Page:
I LOVED the first Hunger Games book, and raced through the second installment knowing that the third would be all about Katniss and the rebels fighting against the cruelty of the Capitol and trying to bring them down. I also knew that Katniss and the Rebels would prevail in the end, her family would be safe, and she would decide who she wanted to be with between Peeeta and Gale. I totally knew that that's how things would work out. I knew it. I did. I KNEW IT. Sigh.
I finally come to the third book.
In this final installment, I foolishly expected Katniss to become the architect of her own destiny, I expected her to come into her own, make her own decisions, and not be dragged along by everybody else who had their own agenda. She'd pretty much had no choice in anything she did throughout the first two books, and to my utter dismay, it was the same with this one too. I kept on with the book though because I understood that sometimes destiny can be forced upon people, rather than those individuals choosing their own paths to it.
Then, when it looked like The Rebels led by Katniss (well, Katniss was just the figurehead, she wasn't leading shit) were on the cusp of victory, Suzanne Collins decides it would be a great idea to kill off Katniss's sister, her main reason for doing everything she's done ever since Prim's name was called at the Reaping. What. The. Actual. Fuck?
It was bad enough that her beloved Cinna was killed off, Finnicke killed just after his wedding to the love of his life, Peeta's memories Hijacked, and Gale badly wounded over and over again, Ms Collins then decides to land the biggest blow of all by having Prim blown to bits. In front of Katniss. Really Ms Collins? Fucking REALLY????? I was RAGING!!!
One of the other reasons that I'd looked forward to the final book was to watch President Snow get his comeuppance. I wanted to revel in his downfall, and glory in the fact that Katniss would have her final revenge for all the people he'd cruelly murdered. For Rue, for her father, for Cinna. But no, once again Ms Collins had to royally fuck that up for me by introducing a last minute villain, who in my opinion, should have been the example of how powerful people don't always have to be morally-bankrupt. But no, we get Coin, the president of the 13th District, who along with everybody else has her own agenda when it comes to Katniss, and is really no different to President Snow.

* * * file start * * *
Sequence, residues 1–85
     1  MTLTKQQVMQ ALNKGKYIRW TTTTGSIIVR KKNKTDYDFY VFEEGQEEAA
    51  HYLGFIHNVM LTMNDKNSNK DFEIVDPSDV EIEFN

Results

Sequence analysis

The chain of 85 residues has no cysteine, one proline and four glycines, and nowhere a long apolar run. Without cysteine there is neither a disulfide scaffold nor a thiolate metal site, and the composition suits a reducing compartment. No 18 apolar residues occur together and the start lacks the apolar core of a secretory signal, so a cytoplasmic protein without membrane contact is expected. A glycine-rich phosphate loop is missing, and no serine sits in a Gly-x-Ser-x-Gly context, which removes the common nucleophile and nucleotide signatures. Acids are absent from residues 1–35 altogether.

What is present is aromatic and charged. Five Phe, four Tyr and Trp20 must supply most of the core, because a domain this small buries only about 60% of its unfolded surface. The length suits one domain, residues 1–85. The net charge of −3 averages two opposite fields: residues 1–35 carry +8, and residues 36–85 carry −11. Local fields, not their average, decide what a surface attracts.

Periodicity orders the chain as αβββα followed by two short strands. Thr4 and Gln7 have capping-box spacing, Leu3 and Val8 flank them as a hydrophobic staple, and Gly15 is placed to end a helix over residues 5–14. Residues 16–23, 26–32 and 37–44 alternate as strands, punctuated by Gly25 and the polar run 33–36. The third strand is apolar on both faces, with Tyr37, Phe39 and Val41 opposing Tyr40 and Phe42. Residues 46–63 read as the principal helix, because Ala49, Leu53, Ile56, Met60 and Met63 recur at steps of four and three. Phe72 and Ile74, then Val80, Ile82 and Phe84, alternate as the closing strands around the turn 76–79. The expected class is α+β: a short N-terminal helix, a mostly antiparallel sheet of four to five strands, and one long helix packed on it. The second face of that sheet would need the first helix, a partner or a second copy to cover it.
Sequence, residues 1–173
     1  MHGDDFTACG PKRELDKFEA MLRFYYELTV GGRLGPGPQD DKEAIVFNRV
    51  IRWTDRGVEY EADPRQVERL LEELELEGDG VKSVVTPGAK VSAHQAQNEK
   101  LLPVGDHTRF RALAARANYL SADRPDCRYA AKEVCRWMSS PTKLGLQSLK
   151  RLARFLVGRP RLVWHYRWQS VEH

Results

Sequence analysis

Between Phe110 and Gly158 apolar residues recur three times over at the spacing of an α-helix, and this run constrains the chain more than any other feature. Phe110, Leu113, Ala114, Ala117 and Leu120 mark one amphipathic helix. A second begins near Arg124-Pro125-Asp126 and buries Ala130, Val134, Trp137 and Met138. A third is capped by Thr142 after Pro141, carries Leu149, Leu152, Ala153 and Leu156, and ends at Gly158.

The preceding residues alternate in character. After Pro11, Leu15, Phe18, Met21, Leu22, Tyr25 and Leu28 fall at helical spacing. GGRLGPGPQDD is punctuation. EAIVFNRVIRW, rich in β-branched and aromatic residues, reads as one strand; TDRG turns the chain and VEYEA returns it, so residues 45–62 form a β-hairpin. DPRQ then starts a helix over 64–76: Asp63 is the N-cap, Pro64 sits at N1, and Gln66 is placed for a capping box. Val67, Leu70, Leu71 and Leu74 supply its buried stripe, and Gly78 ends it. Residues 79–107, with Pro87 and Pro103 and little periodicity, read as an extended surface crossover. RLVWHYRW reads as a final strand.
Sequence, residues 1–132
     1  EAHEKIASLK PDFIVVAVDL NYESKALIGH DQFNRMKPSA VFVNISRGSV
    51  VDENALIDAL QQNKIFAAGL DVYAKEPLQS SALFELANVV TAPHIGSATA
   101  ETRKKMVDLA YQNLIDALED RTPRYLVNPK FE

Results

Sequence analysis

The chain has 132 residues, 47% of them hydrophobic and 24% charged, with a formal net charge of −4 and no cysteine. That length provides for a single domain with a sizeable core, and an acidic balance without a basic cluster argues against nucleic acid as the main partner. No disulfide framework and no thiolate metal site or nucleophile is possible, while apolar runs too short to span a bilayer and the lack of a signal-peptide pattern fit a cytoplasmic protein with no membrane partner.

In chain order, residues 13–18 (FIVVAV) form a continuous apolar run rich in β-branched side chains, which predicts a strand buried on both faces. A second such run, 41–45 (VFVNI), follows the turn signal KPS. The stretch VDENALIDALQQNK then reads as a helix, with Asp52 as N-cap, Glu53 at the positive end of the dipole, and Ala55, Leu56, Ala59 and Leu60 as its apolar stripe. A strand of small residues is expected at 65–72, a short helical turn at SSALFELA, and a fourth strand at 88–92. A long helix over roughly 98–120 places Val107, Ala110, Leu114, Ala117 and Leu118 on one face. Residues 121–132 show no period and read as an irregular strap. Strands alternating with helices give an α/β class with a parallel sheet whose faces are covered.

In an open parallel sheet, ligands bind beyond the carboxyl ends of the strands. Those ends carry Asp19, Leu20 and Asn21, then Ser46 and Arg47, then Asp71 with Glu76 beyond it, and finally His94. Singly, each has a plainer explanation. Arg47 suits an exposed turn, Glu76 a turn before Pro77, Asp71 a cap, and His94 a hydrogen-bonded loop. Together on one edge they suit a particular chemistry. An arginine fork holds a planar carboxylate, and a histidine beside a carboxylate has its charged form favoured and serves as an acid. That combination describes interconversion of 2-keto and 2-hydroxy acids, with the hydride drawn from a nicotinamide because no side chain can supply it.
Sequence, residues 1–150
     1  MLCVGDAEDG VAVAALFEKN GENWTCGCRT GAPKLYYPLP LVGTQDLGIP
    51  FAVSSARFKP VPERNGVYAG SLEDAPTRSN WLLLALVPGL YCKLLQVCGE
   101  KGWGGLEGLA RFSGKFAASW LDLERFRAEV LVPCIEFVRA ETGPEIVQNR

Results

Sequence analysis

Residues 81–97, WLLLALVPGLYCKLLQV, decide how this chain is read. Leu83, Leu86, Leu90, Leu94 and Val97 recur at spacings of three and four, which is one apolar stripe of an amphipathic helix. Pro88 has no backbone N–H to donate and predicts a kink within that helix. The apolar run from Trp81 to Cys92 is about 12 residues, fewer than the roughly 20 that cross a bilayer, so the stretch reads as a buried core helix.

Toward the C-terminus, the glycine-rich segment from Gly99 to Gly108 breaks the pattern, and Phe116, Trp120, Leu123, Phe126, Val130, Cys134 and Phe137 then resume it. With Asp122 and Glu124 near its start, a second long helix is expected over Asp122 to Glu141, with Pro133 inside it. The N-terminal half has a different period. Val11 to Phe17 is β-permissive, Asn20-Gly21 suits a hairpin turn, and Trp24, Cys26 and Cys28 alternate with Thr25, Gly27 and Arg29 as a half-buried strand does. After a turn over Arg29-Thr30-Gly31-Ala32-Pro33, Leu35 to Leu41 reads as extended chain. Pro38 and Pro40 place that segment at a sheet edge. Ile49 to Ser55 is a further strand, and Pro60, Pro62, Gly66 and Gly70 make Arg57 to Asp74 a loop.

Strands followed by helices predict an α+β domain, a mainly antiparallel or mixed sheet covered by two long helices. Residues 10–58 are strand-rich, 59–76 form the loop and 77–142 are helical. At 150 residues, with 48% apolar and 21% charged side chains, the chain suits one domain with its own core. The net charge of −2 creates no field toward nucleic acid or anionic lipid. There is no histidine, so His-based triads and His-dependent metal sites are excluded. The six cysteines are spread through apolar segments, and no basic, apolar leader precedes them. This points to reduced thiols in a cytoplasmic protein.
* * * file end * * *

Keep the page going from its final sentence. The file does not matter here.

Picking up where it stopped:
I can't tell you how mad I was when it was revealed that Snow wasn't the one who ordered the silver parachutes that killed all those children, including Prim, I mean come on, what the ever loving fuck? I'd been invested in Snow's villainy from the very first page of the first book. He was evil incarnate, there was nothing he wouldn't have done, yet, we get this half-assed plot where the person who Katniss is basically working for, is the person who gives the orders for Prim and other children to be blown to bits, in order to expedite the Capitol's surrender. Really Ms Collins? REALLY!!!!!
And even after that atrocious bit of plotting, Katniss never gets to make a choice between Gale and Peeta, her choice is made by default. What the fuck? Where was the happy-ending? Surely the reader could have at least had that to cling onto after the author unceremoniously had Prim blown to bits? RAGING!
Katniss had grown so much as a person, yet in the end, she was still a passenger to fate and other people's ambitions for her. She never wanted children, but even that was more or less forced upon her. When I read the very last word, all I wanted to do was to delete the book off my Kindle. If it wasn't for the fact that I'd loved the first book so much, I really would have.
As I read this book, and can't remember whether it was ok or not, I'm going ahead and giving it just one stars. I'm pretty sure it was a freebie, butAs I read this book, and can't remember whether it was ok or not, I'm going ahead and giving it just one stars. I'm pretty sure it was a freebie, but I don't even remember that. Sigh....more
This was such a fun book. R.L. Mathewson has been a real find, (this is me ignoring the odd typo in my Kindle copy) and I have to say, I've enjoyed thThis was such a fun book. R.L. Mathewson has been a real find, (this is me ignoring the odd typo in my Kindle copy) and I have to say, I've enjoyed the majority her books, and Playing For Keeps was no different.
Usually I hate wimpy females, but I have to say I didn't feel that way about Haley at all. I got her and I was able to empathise with her, and it was quite clear from the beginning that she was fully able to stand up for the things that she really believed in. You understood more about how she'd ended up being this passive person when her family were introduced. They were mostly douchebags, especially her mother, but she did have a great granny who was especially good at wielding her cane. Comedy gold, she was!